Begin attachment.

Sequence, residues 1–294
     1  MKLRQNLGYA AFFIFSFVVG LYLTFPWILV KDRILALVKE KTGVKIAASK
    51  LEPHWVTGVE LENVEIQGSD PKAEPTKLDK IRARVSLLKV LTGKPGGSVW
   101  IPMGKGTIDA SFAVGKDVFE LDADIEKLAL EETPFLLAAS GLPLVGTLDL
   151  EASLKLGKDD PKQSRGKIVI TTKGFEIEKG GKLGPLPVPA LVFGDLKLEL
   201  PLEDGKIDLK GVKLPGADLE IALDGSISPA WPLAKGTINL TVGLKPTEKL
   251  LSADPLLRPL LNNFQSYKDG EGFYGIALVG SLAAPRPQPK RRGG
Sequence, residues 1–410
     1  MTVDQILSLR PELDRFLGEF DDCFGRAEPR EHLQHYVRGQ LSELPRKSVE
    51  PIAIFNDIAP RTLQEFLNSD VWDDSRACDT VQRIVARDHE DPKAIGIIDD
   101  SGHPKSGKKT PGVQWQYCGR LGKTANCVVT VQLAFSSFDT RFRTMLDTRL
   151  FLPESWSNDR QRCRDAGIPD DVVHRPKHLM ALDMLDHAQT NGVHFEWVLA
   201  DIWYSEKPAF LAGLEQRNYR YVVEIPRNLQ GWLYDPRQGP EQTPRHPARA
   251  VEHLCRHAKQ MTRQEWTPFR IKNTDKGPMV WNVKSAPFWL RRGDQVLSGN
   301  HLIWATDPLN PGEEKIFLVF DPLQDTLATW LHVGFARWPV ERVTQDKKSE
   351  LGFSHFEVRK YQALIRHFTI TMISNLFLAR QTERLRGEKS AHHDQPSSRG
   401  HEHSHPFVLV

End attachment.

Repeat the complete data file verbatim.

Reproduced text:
Sequence, residues 1–294
     1  MKLRQNLGYA AFFIFSFVVG LYLTFPWILV KDRILALVKE KTGVKIAASK
    51  LEPHWVTGVE LENVEIQGSD PKAEPTKLDK IRARVSLLKV LTGKPGGSVW
   101  IPMGKGTIDA SFAVGKDVFE LDADIEKLAL EETPFLLAAS GLPLVGTLDL
   151  EASLKLGKDD PKQSRGKIVI TTKGFEIEKG GKLGPLPVPA LVFGDLKLEL
   201  PLEDGKIDLK GVKLPGADLE IALDGSISPA WPLAKGTINL TVGLKPTEKL
   251  LSADPLLRPL LNNFQSYKDG EGFYGIALVG SLAAPRPQPK RRGG
Sequence, residues 1–410
     1  MTVDQILSLR PELDRFLGEF DDCFGRAEPR EHLQHYVRGQ LSELPRKSVE
    51  PIAIFNDIAP RTLQEFLNSD VWDDSRACDT VQRIVARDHE DPKAIGIIDD
   101  SGHPKSGKKT PGVQWQYCGR LGKTANCVVT VQLAFSSFDT RFRTMLDTRL
   151  FLPESWSNDR QRCRDAGIPD DVVHRPKHLM ALDMLDHAQT NGVHFEWVLA
   201  DIWYSEKPAF LAGLEQRNYR YVVEIPRNLQ GWLYDPRQGP EQTPRHPARA
   251  VEHLCRHAKQ MTRQEWTPFR IKNTDKGPMV WNVKSAPFWL RRGDQVLSGN
   301  HLIWATDPLN PGEEKIFLVF DPLQDTLATW LHVGFARWPV ERVTQDKKSE
   351  LGFSHFEVRK YQALIRHFTI TMISNLFLAR QTERLRGEKS AHHDQPSSRG
   401  HEHSHPFVLV